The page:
Shevardnadze sees US role in Caucasus: Georgia's President tells Andrew Higgins in Tbilisi that co-operation is the key to averting a 'big fire'
Monday 23 August 1993
Back home in Georgia, the region that he once ruled as Communist Party boss and is now struggling to hold together as an independent state, Mr Shevardnadze is again disturbing Russian generals: he sees a role, albeit modest, for the United States as a military force in the Caucasus, perhaps the most turbulent and strategically vital fragment of the shattered Soviet empire.
'I think a lot of things might be done in fields of training of military staff,' he told the Independent. 'This is a legitimate sphere for co-operation. It is absolutely acceptable that the US help Georgia the way it helps other countries in this field.'
A group of Green Berets from the US Army's Special Forces is reported to have visited Georgia to help train security guards for Mr Shevardnadze and other senior officials. Mr Shev ardnadze declined to comment. Official sources, however, said American security experts had been in Georgia and that some 40 Georgians are now in the US for training. This shatters what, even after the collapse of the Soviet Union, has been a Russian, largely KGB, monopoly of security techniques and training. Highlighting growing US involvement was the murder two weeks ago of the CIA station chief, Fred Woodruff, shot in the head on a country road outside Tbilisi. Mr Shevardnadze said he believed the shooting was an accident.
Despite strong pressure from more emotional and often aggressively nationalistic countrymen, Mr Shevard nadze remains a consummate diplomat and takes pains to assure Moscow that it is not being squeezed out of the Caucasus. He suggested Russia will be allowed to keep troops - now around 14,000 in number - longer than originally planned on Georgian territory.
'Russia has many more interests in the region than the United States but I don't see any competition between the US and Russia. Competition is absolutely excluded. Both Russia and the United States have to study the art of co-operating.'
But it is in terms of competition that many in Moscow, particularly in the military, see Western inroads on Russia's southern flank, even though Washington has neither the resources nor the will to challenge Moscow head-on. Even the Foreign Ministry, probably the most pro-Western wing of the Russian government, last week reacted huffily to reports that Washington was trying to carve out a role as peacemaker in Georgia and other former Soviet republics. Washington, it said, would act only 'in close co-operation with Russia'.
Much of the US interest in Georgia is personal: it owes a debt to Mr Shevardnadze. It has taken a close interest in his safety since he returned to Tbilisi in March last year after the ousting of Zviad Gamsakhurdia, Georgia's dangerously unpredictable president. When James Baker, US Secretary of State during the unravelling of the Soviet Union, visited Tbilisi, he took gifts of walkie-talkies, holsters and other equipment for Mr Shevardnadze's security force. President Clinton is expected to do more.
'I think the new administration of the United States has a more realistic picture of what is going on in this region,' Mr Shevardnadze said, speaking in his office in the Georgian parliament building, formerly the Marxist-Leninism Institute. 'They see the important role that the Caucasus plays for peace in the world and they realise that if the Caucasus are not peaceful and conflict rages, many countries might get involved and a big fire could start here.'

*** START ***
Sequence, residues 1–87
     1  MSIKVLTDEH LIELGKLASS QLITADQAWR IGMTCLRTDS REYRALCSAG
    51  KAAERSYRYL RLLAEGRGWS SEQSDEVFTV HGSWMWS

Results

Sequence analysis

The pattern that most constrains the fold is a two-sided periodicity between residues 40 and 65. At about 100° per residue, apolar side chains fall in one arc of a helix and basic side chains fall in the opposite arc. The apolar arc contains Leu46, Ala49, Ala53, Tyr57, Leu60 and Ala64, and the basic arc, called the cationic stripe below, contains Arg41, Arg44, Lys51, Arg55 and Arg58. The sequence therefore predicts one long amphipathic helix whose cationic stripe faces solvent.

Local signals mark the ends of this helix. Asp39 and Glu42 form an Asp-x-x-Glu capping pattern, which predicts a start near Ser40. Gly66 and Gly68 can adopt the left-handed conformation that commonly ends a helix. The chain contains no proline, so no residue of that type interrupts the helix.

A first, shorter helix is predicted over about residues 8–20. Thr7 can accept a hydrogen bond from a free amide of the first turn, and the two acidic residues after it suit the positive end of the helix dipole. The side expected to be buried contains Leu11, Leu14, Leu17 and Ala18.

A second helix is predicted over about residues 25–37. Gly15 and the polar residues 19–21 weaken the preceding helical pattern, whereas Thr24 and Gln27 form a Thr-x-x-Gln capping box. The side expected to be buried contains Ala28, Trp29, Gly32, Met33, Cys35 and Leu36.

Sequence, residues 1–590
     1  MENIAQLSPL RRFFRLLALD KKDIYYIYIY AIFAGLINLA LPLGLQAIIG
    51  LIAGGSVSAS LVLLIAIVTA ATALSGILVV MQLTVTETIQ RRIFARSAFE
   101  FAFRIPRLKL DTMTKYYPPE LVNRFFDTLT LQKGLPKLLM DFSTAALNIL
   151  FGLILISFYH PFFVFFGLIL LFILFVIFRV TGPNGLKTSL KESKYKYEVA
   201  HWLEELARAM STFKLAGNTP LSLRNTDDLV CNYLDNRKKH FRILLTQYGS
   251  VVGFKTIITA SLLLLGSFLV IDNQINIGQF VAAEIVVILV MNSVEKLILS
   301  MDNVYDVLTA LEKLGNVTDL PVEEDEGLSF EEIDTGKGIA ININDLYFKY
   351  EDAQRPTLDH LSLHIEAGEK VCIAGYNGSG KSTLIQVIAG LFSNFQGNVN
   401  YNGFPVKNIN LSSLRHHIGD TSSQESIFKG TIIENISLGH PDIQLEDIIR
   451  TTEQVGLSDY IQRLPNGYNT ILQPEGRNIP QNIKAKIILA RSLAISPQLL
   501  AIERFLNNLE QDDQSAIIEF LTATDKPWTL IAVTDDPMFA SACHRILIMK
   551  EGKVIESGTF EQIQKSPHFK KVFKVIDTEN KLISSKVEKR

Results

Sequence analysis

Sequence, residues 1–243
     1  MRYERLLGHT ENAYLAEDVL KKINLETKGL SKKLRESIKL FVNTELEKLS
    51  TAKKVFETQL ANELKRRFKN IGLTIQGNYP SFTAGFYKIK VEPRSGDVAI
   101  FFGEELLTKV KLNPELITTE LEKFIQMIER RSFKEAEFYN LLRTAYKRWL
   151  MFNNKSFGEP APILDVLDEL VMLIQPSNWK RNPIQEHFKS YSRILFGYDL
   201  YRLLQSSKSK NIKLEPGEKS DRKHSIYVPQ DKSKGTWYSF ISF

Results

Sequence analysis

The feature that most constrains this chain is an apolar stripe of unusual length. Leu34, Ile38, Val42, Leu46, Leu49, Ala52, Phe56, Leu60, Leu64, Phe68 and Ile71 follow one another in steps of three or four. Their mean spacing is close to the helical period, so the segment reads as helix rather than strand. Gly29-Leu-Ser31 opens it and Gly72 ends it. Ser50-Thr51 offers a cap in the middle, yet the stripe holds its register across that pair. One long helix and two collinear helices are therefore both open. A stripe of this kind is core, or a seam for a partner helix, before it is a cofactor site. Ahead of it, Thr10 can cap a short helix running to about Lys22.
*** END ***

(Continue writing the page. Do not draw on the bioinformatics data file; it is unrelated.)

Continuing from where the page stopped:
Little fires are everywhere, particularly in the Black Sea region of Abkhazia, where Georgia has spent a year battling separatist forces encouraged and armed by Russia, if not by the Defence Ministry then by rogue elements of the Russian military. In February the Russian Defence Minister, Pavel Grachev, said Moscow would 'take every measure' to ensure that Russian troops remain at former Soviet bases in the Abkhazian town of Gudauta and other sites along Georgia's Black Sea coast. This prompted Mr Shevardnadze to accuse Moscow of fighting a proxy war with Georgia.
Today, he sees a less belligerent Russia. 'Russian policy has been changing . . . We think Russia is willing to help resolve the conflict.' Mr Shevardnaze believes the change is due in part to Western pressure, saying that both President Clinton and Chancellor Helmut Kohl had urged Russia to stay out of Abkhazia. 'This had an impact and was very important . . . You cannot frighten Russia but, of course, Russia considers the wishes and will of the US and Germany.'
Radical Georgian nationalists say Mr Shevardnadze is too soft on Moscow. They want all Russian troops out and condemn the withdrawal of Georgian troops from Abkhazia as part of the peace plan as a sell-out. Mr Shev ardnadze is to visit Moscow later today to try to fix final terms.
'Of course Russia has some ambitions in the region and different circles interpret these ambitions in different ways. Some of Russia's military people think they have strategic military interests. President Yeltsin's perspective is that Russia's strategic interest is to have a strong, united Georgia with goodwill towards Russia. Others will be very happy if Abkhazia secedes and joins Russia.' Georgia's problem - and the West's too - is deciding which side will prevail in Moscow.
Tomorrow: Mystery of the CIA man's death
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